In 1993, Zappola and capos Frank Papagni and Frank "Spaghetti Man" Gioia Jr. saw an opportunity to wrest power away from new Underboss Steven Crea. With his ascension to power, Crea had shifted the family's power center away from Brooklyn, the power bases for Zappola, Pagagni and Goia, back to Manhattan and the Bronx, the historic power base of the Lucchese family. Zappola, Papagni, Gioia, and Consigliere Frank Lastorino started planning to murder Crea. The disaffected mobsters also conspired with Casso to kill then Acting Boss of the Gambino crime family, John A. "Junior" Gotti in retaliation for the killing of Patrick Testa. Allegedly, Zappola and his fellow conspirators also wanted to kill Gotti's rival Nicholas Corozzo, in an attempt to split up the Gambino family by causing an internal civil war. Unfortunately for Zappola and the other mobsters, legal problems thwarted all of their plotting.

Indictments and prison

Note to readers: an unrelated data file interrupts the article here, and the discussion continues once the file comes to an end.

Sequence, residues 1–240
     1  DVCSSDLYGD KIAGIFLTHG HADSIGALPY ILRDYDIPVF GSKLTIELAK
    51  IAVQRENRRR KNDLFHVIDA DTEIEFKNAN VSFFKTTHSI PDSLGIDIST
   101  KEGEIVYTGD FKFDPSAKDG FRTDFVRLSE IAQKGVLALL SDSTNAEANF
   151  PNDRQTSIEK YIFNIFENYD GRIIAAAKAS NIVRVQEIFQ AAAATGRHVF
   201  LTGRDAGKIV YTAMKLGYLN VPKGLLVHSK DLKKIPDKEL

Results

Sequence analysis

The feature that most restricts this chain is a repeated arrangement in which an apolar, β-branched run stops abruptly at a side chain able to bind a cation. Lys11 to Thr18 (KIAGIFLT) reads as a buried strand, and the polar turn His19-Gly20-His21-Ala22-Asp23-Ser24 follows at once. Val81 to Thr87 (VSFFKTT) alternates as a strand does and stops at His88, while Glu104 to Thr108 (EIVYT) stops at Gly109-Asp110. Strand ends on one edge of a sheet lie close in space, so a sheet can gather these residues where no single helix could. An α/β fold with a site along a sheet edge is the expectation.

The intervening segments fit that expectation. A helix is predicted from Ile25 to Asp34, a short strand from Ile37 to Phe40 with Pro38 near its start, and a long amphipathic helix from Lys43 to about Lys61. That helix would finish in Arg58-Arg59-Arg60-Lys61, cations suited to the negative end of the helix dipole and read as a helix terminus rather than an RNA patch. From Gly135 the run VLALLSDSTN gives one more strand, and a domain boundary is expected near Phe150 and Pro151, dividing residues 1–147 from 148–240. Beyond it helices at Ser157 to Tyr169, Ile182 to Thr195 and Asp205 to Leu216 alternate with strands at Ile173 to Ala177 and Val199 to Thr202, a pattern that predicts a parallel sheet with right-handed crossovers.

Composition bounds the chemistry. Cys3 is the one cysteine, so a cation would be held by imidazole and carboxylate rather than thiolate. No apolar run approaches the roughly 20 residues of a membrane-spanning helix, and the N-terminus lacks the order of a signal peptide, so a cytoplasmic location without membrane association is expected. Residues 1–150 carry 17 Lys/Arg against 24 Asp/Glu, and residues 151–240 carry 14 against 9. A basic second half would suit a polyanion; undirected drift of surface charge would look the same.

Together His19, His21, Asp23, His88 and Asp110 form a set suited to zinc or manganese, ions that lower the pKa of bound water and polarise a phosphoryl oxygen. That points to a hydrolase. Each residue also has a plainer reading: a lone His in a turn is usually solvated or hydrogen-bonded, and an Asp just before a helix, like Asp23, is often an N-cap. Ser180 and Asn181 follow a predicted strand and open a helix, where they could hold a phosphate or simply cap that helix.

After his 1993 capture, Anthony Casso decided to avoid prison by becoming a government witness. Towards 1994, Zappola was indicted on racketeering and murder charges. As it turned, Casso was dropped from the Witness Protection Program and sent to prison for life. Although Casso never testified, the threat of his testimony convinced Gioia, to cooperate with the government for protection. Gioia's testimony would lead to massive indictments of racketeering, extortion, loansharking, illegal gambling, bribery, money laundering, fraud, conspiracy and murder charges.

As winter of 1993-1994 set in and Casso's March trial date neared, he had grown more desperate. After two previously failed breakout attempts, Casso dreamt up the idea of ambushing the bus that transported prisoners from the MCC in lower Manhattan to the Brooklyn federal courthouse. Casso instructed Zappola to surveil the area. Recently promoted to captain, Zappola had hidden out in California and Florida for a time before returning to New York City to assist Casso and oversee his various business enterprises and was therefore entrusted with coordinating his breakout.